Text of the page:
In her own words: living with urinary incontinence
As told to Nancy Hall
Urinary incontinence can have any number of causes. For Kay, a 51-year-old mother of two, incontinence is secondary to her mild multiple sclerosis (MS). Here, she discusses the condition that no one wants to talk about.
What was your first sign that something was wrong? What symptoms did you experience?
Oh, you sort of know this symptom for what it is the first time you experience it! I've known about the MS for several years, of course, and I had known that urinary incontinence could be a side effect. I experience incontinence, so far anyway, only in the daytime, when I'm vertical—gravity plays a role here. I have anticipatory incontinence, so I'm never sure whether I'm going to make it to the bathroom, but I also have some stress incontinence—when I laugh hard or sneeze, for instance.
What was the diagnosis experience like?
With respect to the incontinence itself, there wasn't really any separate diagnostic phase. In educating myself about my MS, I had learned that this was a likely outcome.
What was your initial and then longer-term reaction to the diagnosis?
Oh, it's just humiliating! It really feels demeaning. It’s hard sometimes to maintain a positive self-image when you're perpetually—to put it delicately—moist. I'd like to say that I take it in stride now that a few years have passed, but that wouldn't really be true. It’s still a nuisance and I still hate it and the way it makes me feel.
How do you manage urinary incontinence?
By wearing pads or adult diapers. What else can you do? It’s like having a perpetually runny nose—you can't not address it. There are medications for this condition and I've tried two of them. One was simply not effective at all in controlling my incontinence. The other kept me dry but had a psychotropic effect—it made me so cranky that I just about lost all my friends. It was a trade-off, and I chose to go off the medication and be able to be nice to the people I care about.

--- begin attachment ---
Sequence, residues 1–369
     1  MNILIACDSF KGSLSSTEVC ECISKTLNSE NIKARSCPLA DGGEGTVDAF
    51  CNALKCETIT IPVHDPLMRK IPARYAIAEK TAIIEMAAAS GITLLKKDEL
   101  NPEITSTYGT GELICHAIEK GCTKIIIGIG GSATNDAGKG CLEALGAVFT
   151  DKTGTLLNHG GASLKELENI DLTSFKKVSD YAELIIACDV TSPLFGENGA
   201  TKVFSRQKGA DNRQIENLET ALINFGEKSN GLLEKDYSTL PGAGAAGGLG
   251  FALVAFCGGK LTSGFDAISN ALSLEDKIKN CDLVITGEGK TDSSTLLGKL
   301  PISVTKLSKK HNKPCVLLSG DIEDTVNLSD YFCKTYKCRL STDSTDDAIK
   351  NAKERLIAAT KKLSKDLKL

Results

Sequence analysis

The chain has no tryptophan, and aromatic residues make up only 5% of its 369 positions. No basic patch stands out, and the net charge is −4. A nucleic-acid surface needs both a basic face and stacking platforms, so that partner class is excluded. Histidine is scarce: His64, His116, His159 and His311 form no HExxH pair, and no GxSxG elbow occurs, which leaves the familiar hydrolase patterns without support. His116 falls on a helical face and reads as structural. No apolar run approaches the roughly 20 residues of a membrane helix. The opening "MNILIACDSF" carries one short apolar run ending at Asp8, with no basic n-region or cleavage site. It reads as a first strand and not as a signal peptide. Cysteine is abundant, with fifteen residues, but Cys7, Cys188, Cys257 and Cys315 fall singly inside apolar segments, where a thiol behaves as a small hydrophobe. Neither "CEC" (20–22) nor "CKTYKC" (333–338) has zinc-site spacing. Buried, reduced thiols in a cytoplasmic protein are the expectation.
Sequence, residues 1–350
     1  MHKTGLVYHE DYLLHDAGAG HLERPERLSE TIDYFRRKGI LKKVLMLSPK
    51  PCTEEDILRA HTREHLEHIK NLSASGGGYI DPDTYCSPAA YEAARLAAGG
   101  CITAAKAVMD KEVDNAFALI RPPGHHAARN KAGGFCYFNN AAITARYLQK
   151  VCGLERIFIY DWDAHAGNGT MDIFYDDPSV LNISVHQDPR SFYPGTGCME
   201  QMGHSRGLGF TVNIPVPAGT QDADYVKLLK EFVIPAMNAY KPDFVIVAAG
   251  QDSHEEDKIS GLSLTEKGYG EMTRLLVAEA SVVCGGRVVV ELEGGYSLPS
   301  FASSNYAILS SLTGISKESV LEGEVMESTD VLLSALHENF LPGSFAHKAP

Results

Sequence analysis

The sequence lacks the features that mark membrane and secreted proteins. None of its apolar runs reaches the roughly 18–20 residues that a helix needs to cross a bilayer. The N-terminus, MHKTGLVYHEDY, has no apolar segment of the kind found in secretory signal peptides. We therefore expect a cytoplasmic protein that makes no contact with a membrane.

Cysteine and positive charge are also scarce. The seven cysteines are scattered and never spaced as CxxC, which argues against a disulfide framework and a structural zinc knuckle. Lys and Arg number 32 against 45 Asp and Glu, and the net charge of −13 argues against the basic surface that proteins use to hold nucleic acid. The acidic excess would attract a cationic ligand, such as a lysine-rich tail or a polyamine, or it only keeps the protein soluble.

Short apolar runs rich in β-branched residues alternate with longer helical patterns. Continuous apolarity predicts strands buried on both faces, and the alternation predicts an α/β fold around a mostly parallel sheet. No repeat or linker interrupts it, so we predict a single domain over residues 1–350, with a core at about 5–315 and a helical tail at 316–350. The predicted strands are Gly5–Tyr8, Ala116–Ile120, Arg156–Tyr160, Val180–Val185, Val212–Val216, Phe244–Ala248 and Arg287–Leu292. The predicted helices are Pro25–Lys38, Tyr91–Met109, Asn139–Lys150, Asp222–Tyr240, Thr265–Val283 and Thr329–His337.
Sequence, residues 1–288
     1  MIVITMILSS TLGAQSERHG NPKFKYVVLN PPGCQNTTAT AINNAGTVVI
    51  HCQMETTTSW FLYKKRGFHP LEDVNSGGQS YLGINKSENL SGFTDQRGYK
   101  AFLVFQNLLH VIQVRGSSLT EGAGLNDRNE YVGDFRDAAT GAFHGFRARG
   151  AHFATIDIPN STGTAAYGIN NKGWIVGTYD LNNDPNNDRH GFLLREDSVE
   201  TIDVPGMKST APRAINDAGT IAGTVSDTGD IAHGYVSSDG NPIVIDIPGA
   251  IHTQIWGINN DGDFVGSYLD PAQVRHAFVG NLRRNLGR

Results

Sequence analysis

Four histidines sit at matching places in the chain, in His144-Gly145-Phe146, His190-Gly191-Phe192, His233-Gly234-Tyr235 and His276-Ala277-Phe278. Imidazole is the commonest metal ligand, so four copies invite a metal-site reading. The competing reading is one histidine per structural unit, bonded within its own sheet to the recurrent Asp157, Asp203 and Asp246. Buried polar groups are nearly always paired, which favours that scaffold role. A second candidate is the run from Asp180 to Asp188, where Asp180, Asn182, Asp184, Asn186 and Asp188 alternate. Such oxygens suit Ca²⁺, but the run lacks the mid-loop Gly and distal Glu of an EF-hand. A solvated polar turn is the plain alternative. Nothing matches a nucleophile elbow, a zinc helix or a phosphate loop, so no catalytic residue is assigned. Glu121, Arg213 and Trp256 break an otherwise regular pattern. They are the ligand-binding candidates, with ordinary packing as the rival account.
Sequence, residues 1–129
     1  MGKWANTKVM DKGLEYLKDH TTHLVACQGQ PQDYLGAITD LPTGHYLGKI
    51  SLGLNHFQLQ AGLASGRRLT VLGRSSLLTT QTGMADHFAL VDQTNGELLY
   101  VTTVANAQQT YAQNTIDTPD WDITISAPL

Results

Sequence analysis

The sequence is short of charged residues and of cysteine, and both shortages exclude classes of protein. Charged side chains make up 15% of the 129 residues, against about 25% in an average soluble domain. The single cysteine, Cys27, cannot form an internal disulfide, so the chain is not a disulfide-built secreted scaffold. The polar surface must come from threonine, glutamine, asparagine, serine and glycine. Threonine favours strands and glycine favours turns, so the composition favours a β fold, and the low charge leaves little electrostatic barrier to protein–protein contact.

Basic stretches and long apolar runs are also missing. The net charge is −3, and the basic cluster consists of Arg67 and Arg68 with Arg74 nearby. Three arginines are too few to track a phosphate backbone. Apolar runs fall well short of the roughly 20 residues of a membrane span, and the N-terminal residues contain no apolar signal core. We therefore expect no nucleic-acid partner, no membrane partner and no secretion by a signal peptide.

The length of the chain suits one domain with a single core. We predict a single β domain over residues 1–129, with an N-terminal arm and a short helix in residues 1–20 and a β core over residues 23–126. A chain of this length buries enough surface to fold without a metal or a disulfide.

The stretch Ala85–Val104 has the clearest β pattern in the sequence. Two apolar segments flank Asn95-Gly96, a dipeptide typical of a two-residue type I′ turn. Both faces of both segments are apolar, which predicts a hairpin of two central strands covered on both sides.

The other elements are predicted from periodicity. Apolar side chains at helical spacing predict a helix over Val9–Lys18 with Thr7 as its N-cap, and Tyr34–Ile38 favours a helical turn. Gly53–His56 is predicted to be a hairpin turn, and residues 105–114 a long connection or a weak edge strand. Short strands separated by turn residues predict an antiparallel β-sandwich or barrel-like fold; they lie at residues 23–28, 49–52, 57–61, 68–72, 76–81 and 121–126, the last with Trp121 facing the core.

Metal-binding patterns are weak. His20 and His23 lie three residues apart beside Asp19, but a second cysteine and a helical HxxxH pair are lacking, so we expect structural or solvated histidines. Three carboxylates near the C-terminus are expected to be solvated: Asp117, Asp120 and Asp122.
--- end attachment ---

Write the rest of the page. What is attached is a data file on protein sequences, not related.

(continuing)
I'm lucky in some ways, though; MS can also cause people to lose the capacity to sense when their bladder is full, or to be unable to release urine. In that case, you could have to self-catheterize a few times a day. I haven't had to do that yet—and I'm not looking forward to it!
Did you have to make any lifestyle or dietary changes in response to urinary incontinence?
Oh, yes, it really affects much of what I do. For starters, I know where every bathroom is in my town and the surrounding towns I visit. I know which restaurants or shops don't have bathrooms at all, and I simply can't patronize those places any more. It also makes traveling a little tricky, but I manage to find a way, since I love to travel. And you sort of lower your standards; I have a dear friend who is incredibly fastidious about which public facilities she will and will not use—she’d just die if she could see some of the grungy places I've had to put up with!
Did you seek any type of emotional support?
My family knows, but, outside of talking with my doctor about it, I have never spoken about it with anyone else until now. It’s just something I'm not comfortable talking about—it’s too embarrassing.
Does having urinary incontinence have an impact on your family?
My husband is great—he just takes it in stride—and my two teenage kids are always rolling their eyes and sighing as I run off to the bathroom: “There goes Mom again !” I'm trying for a humorous approach, but I'm not quite there yet. But I try not to let it affect what we can and can't do as a family.
What advice would you give to anyone living with urinary incontinence?
That's a hard one. I think, because it's such a difficult thing to talk about, that it's important to know you're not alone, that there are lots of others of us out here. And you can feel so awful about yourself sometimes—just try not to let it define you.
Interviews were conducted in the past and may not reflect current standards and practices in medicine. Talk to your doctor to learn more about how this condition is diagnosed and managed today and what treatment approaches are right for you.
EBSCO Information Services is fully accredited by URAC. URAC is an independent, nonprofit health care accrediting organization dedicated to promoting health care quality through accreditation, certification and commendation.
This content is reviewed regularly and is updated when new and relevant evidence is made available. This information is neither intended nor implied to be a substitute for professional medical advice. Always seek the advice of your physician or other qualified health provider prior to starting any new treatment or with questions regarding a medical condition.
To send comments or feedback to our Editorial Team regarding the content please email us at email@example.com. Our Health Library Support team will respond to your email request within 2 business days.